Published: Thu, May 31, 2018
Sci-tech | By Lila Blake

New Zealand to kill 150000 cows to end bacterial disease

New Zealand to kill 150000 cows to end bacterial disease

The full cost of phased eradication over 10 years is projected to be $886 million, with $16 million of that being a loss of production and $870 being the cost of the response.

Local farmers Leo and Maite Bensegues told the New Zealand Herald that after they gave up their herd of 950 cows along with 200 calves, they were compensated with some $2 million to buy new livestock.

Forty-four percent say it's fair, 44.5 percent say it's not fair and 12 percent don't know. Accordingly, about 150,000 cows, bulls, and calves will be killed in a desperate measure to keep under control and ultimately eradicate the spread of Mycoplasma Bovis in the country.

"I empathise fully with those farmers going through the pain of losing their herds", Jacinda Ardern said today.

"[There are] 450,000 cows in Ashburton, mid-Canterbury".

New Zealand, which relies heavily on livestock farming for its export earnings, aims to eradicate the painful Mycoplasma bovis disease completely.

The nation would be spending near about NZ$800m (five hundred sixty million dollars) over about ten years in order to protect the dairy herd of New Zealand and secure the future dairy production of the nation's farming industry, which yields the nation the second largest profit.

"We all agree that while there remains a chance to get rid of this disease, we should take it". Many cows will be be used for beef, however many will end up dumped into landfills.

"This is a tough call - no one ever wants to see mass culls", Jacinda Ardern, the prime minister of New Zealand, told The Guardian. In particular farmers need to be meticulous with animal movement records and the way they use NAIT.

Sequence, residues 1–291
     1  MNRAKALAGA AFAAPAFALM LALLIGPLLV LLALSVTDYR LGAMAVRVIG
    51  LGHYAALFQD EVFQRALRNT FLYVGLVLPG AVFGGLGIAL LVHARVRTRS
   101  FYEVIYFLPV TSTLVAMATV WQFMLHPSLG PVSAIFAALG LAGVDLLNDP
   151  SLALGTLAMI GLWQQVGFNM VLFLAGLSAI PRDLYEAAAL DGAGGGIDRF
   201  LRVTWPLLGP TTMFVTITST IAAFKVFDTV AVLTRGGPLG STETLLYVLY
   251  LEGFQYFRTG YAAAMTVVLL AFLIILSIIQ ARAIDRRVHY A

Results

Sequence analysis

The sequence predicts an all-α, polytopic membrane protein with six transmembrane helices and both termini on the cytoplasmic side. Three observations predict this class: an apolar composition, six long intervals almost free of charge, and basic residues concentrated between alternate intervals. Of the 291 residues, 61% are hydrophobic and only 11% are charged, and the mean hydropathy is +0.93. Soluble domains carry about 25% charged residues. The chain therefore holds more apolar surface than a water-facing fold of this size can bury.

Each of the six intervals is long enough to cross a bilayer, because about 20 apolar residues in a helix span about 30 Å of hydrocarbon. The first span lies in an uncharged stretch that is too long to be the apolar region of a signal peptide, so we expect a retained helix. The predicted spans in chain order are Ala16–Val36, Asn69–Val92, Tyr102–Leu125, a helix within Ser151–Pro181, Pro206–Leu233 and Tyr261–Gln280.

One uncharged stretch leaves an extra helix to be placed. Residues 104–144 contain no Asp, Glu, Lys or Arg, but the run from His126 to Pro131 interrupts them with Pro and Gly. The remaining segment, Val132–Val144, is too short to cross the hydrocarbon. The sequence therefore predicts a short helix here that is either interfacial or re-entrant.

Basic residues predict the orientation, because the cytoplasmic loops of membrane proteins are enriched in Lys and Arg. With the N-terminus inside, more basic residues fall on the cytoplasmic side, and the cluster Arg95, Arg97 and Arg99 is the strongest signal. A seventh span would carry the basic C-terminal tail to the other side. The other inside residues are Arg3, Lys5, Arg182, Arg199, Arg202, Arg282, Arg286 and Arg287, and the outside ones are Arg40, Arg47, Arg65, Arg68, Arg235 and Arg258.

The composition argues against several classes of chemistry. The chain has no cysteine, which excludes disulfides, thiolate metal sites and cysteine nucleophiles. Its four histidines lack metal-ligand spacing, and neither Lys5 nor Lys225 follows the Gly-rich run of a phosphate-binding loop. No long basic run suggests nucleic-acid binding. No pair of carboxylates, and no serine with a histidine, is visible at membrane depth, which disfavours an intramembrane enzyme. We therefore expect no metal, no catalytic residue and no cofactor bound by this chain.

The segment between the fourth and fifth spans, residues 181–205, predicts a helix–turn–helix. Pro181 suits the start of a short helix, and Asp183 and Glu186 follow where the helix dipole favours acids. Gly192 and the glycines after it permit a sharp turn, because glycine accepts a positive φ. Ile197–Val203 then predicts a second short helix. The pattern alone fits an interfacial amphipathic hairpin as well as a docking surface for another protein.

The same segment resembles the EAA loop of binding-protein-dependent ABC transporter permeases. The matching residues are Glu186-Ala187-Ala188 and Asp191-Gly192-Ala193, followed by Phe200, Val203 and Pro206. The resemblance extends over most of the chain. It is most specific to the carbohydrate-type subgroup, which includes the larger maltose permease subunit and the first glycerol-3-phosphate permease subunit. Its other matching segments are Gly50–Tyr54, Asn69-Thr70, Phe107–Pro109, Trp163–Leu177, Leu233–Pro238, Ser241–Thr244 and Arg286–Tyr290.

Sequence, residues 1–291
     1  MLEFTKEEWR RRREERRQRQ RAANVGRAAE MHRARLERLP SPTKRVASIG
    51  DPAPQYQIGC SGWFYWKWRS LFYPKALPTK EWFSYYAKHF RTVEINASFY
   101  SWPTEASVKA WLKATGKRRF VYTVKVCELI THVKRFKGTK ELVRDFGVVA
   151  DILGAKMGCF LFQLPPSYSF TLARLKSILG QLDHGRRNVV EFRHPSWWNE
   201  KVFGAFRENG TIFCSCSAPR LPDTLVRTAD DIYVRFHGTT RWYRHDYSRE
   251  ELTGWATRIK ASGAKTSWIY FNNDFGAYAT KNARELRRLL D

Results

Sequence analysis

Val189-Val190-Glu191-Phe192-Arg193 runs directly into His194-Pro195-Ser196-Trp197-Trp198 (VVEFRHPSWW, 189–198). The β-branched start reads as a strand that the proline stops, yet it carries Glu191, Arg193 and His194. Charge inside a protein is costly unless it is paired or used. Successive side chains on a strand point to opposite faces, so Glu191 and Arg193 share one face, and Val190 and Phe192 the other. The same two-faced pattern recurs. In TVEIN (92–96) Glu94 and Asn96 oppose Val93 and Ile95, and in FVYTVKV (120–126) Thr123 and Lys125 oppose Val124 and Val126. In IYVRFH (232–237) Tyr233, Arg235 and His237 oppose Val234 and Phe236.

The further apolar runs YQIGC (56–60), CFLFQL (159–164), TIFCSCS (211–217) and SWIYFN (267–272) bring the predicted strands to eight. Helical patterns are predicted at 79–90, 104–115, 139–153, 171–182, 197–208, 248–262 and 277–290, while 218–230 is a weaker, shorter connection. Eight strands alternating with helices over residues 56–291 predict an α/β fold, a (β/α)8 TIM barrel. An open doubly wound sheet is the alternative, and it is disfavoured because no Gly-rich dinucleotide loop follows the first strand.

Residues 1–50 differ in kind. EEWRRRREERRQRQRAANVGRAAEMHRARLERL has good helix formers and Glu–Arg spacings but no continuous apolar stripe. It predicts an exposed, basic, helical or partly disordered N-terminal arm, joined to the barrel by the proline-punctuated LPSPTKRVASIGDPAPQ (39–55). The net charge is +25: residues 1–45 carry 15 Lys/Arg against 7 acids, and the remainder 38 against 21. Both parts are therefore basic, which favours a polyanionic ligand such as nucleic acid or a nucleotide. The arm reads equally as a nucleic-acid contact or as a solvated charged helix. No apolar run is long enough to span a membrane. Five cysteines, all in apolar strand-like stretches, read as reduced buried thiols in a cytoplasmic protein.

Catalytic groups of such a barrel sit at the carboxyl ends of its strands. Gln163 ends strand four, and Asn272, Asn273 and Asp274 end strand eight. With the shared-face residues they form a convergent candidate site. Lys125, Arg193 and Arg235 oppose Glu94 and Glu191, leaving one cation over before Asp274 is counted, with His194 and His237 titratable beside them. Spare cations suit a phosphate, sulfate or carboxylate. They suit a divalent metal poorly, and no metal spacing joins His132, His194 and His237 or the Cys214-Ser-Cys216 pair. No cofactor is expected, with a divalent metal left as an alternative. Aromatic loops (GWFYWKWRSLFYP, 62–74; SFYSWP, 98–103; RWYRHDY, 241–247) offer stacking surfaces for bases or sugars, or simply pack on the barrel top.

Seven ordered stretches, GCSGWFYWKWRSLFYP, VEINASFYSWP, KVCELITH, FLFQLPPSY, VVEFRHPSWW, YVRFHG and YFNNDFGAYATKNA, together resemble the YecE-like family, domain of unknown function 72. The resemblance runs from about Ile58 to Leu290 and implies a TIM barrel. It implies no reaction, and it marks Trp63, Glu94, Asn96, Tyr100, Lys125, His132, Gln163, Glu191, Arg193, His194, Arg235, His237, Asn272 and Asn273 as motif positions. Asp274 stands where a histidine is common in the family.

She said eradication will require significant resources from Government and the industry. It has been found on about 40 farms so far, but 192 farms are likely to be involved in the culling.

The decision to cull 126,000 cows from the national herd was not an easy one to make. Infected properties in the North Island are so far rarer than in South Island. It is a biosecurity breach so they have the powers.

Federated Farmers dairy chairman and Waikato farmer Chris Lewis was slightly stunned by the announcement when approached for comment, despite knowing what it would be as a consulted industry leader.

He questioned whether healthy cattle showing up as carrying the bacteria organism were simply developing immunity to the disease, which some in the sector believe has been in New Zealand for years but undiagnosed before last July's outbreak at Waimate.

Lewis, who has handled hundreds of calls from anxious dairy farmers in recent months, said the decision meant a "big challenge ahead for us all". "But a few will be".

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